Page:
The Deliberate CreativeMay 24th, 2016 · 38 comments
The Deliberate Creative
Last month, Scott Barry Kaufman posted an article titled “Creativity is Much More Than 10,000 Hours of Deliberate Practice.”
Kaufman was responding to Peak: Anders Ericsson’s recent book on expert performance.
At the core of Kaufman’s critique is the idea that deliberate practice does not work well for “almost any creative domain” [emphasis his].
As he summarizes:
Deliberate practice is really important for fields such as chess and instrumental performance because they rely on consistently replicable behaviors that must be repeated over and over again. But not all domains of human achievement rely on consistently replicable behaviors. For most creative domains, the goals and ways of achieving success are constantly changing, and consistently replicable behaviors are in fact detrimental to success.
This discussion caught my attention because my day job is the quintessential creative endeavor. As a theoretical computer scientist, I solve math proofs for a living. To conjure something that makes it past the brutally competitive peer review process in my field usually requires an original approach that makes progress where other really smart people have been stuck.
This reality is why I’m able to draw with some confidence from a well of personal experience when I note that I strongly disagree with Kaufman.
Where Kaufman and I diverge is in our understanding of how deliberate practice fits into the creative process. Early in his article, Kaufman reveals the spindly straw man he plans to joust:
“…scientists can’t keep publishing the same paper over and over again, and writers can’t keep writing the same critically acclaimed novel over and over again and expect the same acclaim…How many times would Lady Gaga have to consistently wear her meat dress without people getting bored?”
Kaufman seems to propose that what it means for a creative to practice deliberately is to keep repeating the same project again and again without change.
This is a bizarre interpretation.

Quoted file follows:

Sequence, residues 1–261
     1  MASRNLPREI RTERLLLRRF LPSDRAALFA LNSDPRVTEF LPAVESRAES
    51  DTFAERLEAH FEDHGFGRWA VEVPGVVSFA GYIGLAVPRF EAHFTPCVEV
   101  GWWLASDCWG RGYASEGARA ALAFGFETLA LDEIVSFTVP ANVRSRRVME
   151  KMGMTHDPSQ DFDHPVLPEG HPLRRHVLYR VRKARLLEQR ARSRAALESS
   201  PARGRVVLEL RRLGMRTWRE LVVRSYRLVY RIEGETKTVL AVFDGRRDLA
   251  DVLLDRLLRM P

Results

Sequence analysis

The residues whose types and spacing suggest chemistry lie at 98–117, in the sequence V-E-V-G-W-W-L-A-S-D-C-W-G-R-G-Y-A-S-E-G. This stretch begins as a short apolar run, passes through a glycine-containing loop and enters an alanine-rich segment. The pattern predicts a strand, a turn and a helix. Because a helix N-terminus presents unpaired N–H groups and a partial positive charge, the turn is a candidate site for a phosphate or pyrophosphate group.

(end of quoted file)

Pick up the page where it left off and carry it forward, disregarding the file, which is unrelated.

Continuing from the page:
Kaufman, for example, cites chess players and musicians as examples where deliberate practice is useful. And yet, chess players don’t rehash the exact same strategy over and over again — they instead innovate in creative ways to counter the play of a given opponent.
Musicians, similarly, don’t play the same song their whole career — they instead continually write new songs, and the good ones keep pushing the boundaries of their genre.
Deliberate practice, in these examples, is necessary because it’s what generates the expertise on which their creativity rests. You cannot exhibit the thrilling creativity of a chess grandmaster until you’ve spent the 10,000 deliberate hours necessary to internalize the game’s intricacies.
The same holds for most creative domains.
To return to my world, the very best theoreticians are those who put in the painstaking, deliberate hours required to keep up with the cutting edge in our field. Most scientists give up in this effort long before the stars, just like most chess players practice a lot less than Magnus Carlsen.
Our breakthroughs don’t tend to arrive ex nihlo (e.g., the above image), but instead tend to follow combinatorially from the right parts of the current cutting edge. (As I discuss in detail in SO GOOD.)
Edison summarized this observation more plainly when he quipped that genius is 99% perspiration and 1% inspiration. In today’s creative economy, the perspiration is likely the result of deliberate practice.
As I’ve written before, our culture loves the idea that we’re all beautiful creative flowers just one inspiring journaling exercise away from changing the word.
But on this issue, I’m siding with Ericsson. Impactful innovation is exciting — but it almost always requires a relentless, deliberate acquisition of cutting edge skills. The final insight is often the easy part.
Even for Lady Gaga.